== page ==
Our body needs a steady supply of energy in order to properly function. Most of this energy is provided by glucose.
Glucose is a type of “sugar” that acts as the main fuel for most organs and tissues in our body.
Although there is no consensus on the threshold for blood glucose values, it is generally accepted that blood sugar levels should be above 70 mg/dl (3,89 mmol/L). Hence, hypoglycemia is a decrease in the amount of glucose below those values.
In other words, hypoglycemia is a “sugar drop”.
In a “sugar drop” a person goes from feeling well to experience discomfort sensations. These are warning signs the body has a shortage of blood glucose
What are the symptoms of hypoglycemia?
In mild hypoglycemia the symptoms can be very varied: dizziness, nervousness, sweating, headache, blurred vision, tiredness, pallor, irritability, hunger, tremors, mood swings, drowsiness, weakness…
In cases of severe hypoglycemia, the help of another person is often required to treat the symptoms as confusion, disorientation, loss of consciousness or convulsions may occur.
How can hypoglycemia be detected?
Low blood sugar levels are confirmed by capillary glycemia.
However, it is very important to learn to detect the symptoms of hypoglycemia in order to give immediate assistance to the sufferer.
If hypoglycemia is not corrected properly, it can cause irreversible brain damage, coma and even death.
If your child suffers from hypoglycemia, it is important that you learn to detect as quickly as possible what symptoms he/she usually has, so you are able to immediately care for them.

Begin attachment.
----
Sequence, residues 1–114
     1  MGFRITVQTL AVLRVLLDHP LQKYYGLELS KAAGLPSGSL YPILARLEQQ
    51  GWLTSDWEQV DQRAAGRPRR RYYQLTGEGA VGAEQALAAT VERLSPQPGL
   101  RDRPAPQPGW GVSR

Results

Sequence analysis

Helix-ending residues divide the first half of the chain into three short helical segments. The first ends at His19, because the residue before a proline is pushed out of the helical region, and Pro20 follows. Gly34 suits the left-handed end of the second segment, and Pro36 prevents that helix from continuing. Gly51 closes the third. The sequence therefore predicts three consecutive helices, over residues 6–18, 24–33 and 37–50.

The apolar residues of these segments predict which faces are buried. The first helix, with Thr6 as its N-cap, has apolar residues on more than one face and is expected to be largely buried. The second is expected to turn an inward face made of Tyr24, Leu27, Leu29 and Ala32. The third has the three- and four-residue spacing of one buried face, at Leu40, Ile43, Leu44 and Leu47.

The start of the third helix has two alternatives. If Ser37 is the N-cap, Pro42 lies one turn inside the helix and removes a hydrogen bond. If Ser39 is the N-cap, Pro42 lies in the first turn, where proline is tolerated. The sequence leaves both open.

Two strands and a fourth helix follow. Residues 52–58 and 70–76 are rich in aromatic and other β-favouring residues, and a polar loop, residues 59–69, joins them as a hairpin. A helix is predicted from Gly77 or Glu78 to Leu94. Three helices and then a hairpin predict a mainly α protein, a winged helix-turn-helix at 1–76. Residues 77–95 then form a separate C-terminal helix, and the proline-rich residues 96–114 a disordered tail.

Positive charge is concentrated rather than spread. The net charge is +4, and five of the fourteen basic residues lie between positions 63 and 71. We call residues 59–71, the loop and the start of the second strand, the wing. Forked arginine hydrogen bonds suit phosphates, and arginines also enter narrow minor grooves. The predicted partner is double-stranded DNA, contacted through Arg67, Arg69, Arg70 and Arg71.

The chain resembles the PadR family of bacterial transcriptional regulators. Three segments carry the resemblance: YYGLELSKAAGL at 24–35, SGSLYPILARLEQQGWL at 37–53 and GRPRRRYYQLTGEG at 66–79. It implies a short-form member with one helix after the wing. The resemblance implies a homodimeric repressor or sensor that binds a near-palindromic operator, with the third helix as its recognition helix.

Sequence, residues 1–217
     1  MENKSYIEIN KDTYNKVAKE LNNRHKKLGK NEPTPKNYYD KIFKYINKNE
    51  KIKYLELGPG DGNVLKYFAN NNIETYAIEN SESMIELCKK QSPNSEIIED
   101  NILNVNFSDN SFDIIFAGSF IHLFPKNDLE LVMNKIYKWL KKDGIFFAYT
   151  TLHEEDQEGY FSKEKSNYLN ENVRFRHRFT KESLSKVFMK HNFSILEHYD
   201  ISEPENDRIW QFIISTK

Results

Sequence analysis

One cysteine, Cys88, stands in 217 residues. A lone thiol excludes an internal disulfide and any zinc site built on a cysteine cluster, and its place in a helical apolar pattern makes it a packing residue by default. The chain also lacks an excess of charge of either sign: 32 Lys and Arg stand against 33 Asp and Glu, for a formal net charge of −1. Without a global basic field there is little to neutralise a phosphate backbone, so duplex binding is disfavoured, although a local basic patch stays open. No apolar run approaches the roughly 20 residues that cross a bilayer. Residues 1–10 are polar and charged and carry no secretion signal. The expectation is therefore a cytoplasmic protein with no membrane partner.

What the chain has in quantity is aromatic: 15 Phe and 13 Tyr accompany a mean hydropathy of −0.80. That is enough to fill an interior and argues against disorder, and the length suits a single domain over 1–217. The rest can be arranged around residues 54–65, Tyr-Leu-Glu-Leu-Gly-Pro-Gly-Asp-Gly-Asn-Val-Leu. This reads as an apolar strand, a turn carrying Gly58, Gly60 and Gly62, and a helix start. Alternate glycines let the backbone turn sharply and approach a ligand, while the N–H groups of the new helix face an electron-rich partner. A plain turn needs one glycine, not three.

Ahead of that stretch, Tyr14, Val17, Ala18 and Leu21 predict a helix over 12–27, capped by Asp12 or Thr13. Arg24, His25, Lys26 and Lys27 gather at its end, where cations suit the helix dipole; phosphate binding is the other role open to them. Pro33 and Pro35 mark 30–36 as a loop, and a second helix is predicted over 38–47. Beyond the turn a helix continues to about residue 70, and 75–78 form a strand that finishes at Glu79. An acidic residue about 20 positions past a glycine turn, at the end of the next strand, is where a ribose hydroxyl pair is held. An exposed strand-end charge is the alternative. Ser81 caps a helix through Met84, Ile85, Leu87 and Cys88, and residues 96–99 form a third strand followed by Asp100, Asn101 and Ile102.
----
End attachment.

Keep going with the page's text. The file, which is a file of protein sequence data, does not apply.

In addition, in the case of congenital hyperinsulinism (HI), it is advisable to do everything possible to maintain his/her values above 70 mg/dl (3,89 mmol/L).
Most of our “sugarbabies” are really used to having their bodies working below 70 mg/dl (3,89 mmol/L). That means that their bodies usually work below recommended sugar levels and so it is quite common that they don’t show symptoms of mild hypoglycemia. However, not showing symptoms does not mean that their brains aren’t suffering. What happens is that they go from an apparent normality to extreme suffering.
To give you an example, my daughter has been on several occasions playing and has suddenly started to convulse. In all cases, the glucometer showed values below 37 mg/dl (2,05 mmol/L).
It is obvious that her brain wasn’t as calm as it appeared.
It is essential that our children learn to verbalize when they don’t feel well.
It is especially important until they are old enough to have an independent control of their disease. Thereby, they can seek the help of an adult as soon as possible: in hypoglycemia, every second counts.
It is also essential that anyone who cares for our sugarbabies knows how to act in a case of hypoglycemia. In particular, those who spend more time with them such as: teachers and grandparents.
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